George Stafford Courtenay Gouldsmith


View from Tower, Battle Abbey

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Engineer and postcard publisher, Bexhill (also briefly at Ninfield and Eastbourne). George Gouldsmith ("Stafford", as he was known to family and close friends) was born at 3 Holland Villas Road in Kensington on November 12, 1890 to George Waller Gouldsmith and Maria Louisa Phillipa Sophia Gouldsmith, née Courtenay. His father had been born in London in late 1850 or early 1851 and was the lead partner in a firm of estate agents in Pont Street ("Oliffe & Gouldsmith"), reputedly the first in Britain. The Gouldsmiths were well off - the 1891 census records that they employed a cook, two housemaids, an under housemaid and a nurse.

Maria's widowed mother, Susannah Cobb Courtenay (née Lash), lived with the family. Susannah had been born in Yarmouth in Norfolk in 1818, and had eight children by her first marriage to John Gray, a Newhaven shipbuilder, who died in 1855. She then married William Henry Courtenay, from Padstow in Cornwall, who was eight years her junior. He was a kinsman of the Earl of Devon, hence the name Courtenay. He had been working for John Gray and by marrying his widow acquired John's shipyard. It was at Newhaven that William and Susannah's first child, Maria, was born, on March 28, 1858. After William died in Essex in 1875, aged only 48, Susannah went to live with her daughter and son in law in Kensington. She died in 1901, some months after the census.

In addition to Stafford (George), Maria and her husband had three other children: Phylis Daphne Gouldsmith born in 1884 (known as "Bunny"), Dorothy M. S. Gouldsmith born in late 1886 or early 1887 and Stella Louisa Maud Leslie Gouldsmith, born in 1896, all at Kensington. Stella married a Mr Orr.

It is thought that Maria may have rather indulged Stafford as he was her only son and suffered from asthma. He attended St Paul's School in London, and later trained to be an electrical engineer at Crystal Palace School of Engineering. Because of his rather uncertain health he took no part in the First World War. On September 6, 1916, he married Eva Batchelor at St Peter's Parish Church in Bexhill. Eva was 24 years old, one year younger than George, and was the daughter of Frank Batchelor, a florist, living at 16 Albert Road, Bexhill. Stafford, who was working as an engineer, gave his address as 7 St. George's Road. His eldest sister, Phylis (who had become Mrs Campbell) acted as a witness at the wedding.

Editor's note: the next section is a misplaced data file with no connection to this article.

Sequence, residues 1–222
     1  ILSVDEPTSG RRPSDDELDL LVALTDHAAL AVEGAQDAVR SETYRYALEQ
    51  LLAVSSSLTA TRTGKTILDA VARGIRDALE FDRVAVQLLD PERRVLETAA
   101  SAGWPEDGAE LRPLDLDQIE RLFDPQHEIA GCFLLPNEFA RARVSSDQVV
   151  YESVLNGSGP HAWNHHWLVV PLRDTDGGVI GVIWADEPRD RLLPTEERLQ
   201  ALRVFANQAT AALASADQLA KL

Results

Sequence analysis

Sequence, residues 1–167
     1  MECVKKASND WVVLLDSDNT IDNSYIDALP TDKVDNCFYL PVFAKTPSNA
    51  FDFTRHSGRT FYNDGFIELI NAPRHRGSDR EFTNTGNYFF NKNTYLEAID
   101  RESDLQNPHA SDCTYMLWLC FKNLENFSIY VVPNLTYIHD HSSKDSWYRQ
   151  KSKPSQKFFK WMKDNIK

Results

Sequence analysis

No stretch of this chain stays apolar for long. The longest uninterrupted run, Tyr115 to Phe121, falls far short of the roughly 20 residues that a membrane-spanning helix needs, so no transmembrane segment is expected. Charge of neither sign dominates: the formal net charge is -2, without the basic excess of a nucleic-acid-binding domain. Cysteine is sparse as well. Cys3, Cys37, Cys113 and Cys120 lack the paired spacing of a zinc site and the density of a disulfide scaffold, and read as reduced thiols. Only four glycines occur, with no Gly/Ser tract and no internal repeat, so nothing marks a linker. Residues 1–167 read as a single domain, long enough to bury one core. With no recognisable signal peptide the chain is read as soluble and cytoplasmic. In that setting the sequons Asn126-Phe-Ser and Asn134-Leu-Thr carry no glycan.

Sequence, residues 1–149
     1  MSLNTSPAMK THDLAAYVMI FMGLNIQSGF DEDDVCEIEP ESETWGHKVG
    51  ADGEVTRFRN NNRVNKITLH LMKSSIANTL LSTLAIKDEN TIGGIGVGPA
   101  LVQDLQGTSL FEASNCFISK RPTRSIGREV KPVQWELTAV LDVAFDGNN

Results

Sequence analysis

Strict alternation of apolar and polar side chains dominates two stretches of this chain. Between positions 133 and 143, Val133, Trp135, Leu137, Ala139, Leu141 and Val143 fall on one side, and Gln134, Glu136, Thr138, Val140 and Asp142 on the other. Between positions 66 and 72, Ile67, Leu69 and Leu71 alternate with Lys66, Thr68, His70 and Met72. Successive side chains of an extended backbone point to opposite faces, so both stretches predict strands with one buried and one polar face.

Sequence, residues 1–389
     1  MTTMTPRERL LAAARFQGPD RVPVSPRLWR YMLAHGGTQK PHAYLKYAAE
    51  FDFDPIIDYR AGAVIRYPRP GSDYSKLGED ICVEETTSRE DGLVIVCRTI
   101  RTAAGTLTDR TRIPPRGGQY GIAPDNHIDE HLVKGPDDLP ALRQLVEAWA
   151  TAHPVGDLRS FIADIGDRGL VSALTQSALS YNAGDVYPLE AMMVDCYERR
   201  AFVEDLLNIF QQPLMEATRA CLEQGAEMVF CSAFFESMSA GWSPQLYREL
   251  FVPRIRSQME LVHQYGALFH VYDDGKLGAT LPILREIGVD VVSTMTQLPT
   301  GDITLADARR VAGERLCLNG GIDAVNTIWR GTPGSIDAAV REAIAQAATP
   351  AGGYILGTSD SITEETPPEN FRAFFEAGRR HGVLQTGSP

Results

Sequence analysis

Eva had an easy, outgoing personality, whereas her husband had a much more complex character. Quiet and reserved, he was not always very focused on work, but gave much time to his hobbies, especially his photography. Eva must have found him a drain on her patience at times, especially when he buried himself in his dark room.

Soon after their marriage, Eva and Stafford settled in Ninfield. Pike's 1918 Hastings, Bexhill and District Directory records that they lived in a house called Capel Hurst and that Stafford was a "motor and cycle engineer". He purchased the village forge, installing J. A. Steer as the blacksmith. Steer lived in Forge Cottage.

Soon after taking up photography Stafford found himself in trouble with the law. He was caught in possession of a camera at Hooe in October 1917 without a permit, contrary to the Defence of the Realm Act. Outdoor photography was strictly controlled during the Great War in an attempt to counter German espionage, and Stafford was brought to court where he pleaded guilty and had to pay costs.

By 1920 Stafford and Eva had left Ninfield and were living at 4 Amherst Road in Bexhill. The house was quite large, and by letting rooms to lodgers the Gouldsmiths gained useful additional income. According to Pike's Directories, Stafford continued to work as an engineer throughout the 1920s. The family remember that he also kept a shop ("Stafford's Photos") on the sea front near the Memorial, where he sold cameras, films and postcards.

The Gouldsmiths are last listed at 4 Amherst Road in Bexhill in Pike's 1932 Directory; the Directory for the following year records that the house had changed hands. Stafford and his wife bought a guest house at 9 Cavendish Place, Eastbourne, which they ran for four years, hiring an army of Welsh girls to help with the influx of summer visitors. They then moved back to Bexhill to live at 33 Cantelupe Road, where they again took in lodgers.

Stafford published possibly as many as a thousand real photographic cards of Sussex. The majority are labelled "Gouldsmith Bexhill" in tiny, rather clumsy handwriting at the base of the photographs, but some cards of Northiam, Alfriston and Normans Bay are marked "Gouldsmith Eastbourne", while "Gouldsmith Ninfield" appears on some cards of Ninfield, Dallington and Herstmonceux. A very few cards have a printed label on the back: "G. Gouldsmith, Bexhill-on-Sea". Yet other cards are anonymous.

Stafford began publishing cards by 1918, when he was living in Ninfield. A card of a class at Herstmonceux School is dated February 1918 and labelled "Gouldsmith, Ninfield". Even after he settled in Bexhill he kept up links with Ninfield, not only supplying the village shop with cards but also organising an annual firework display.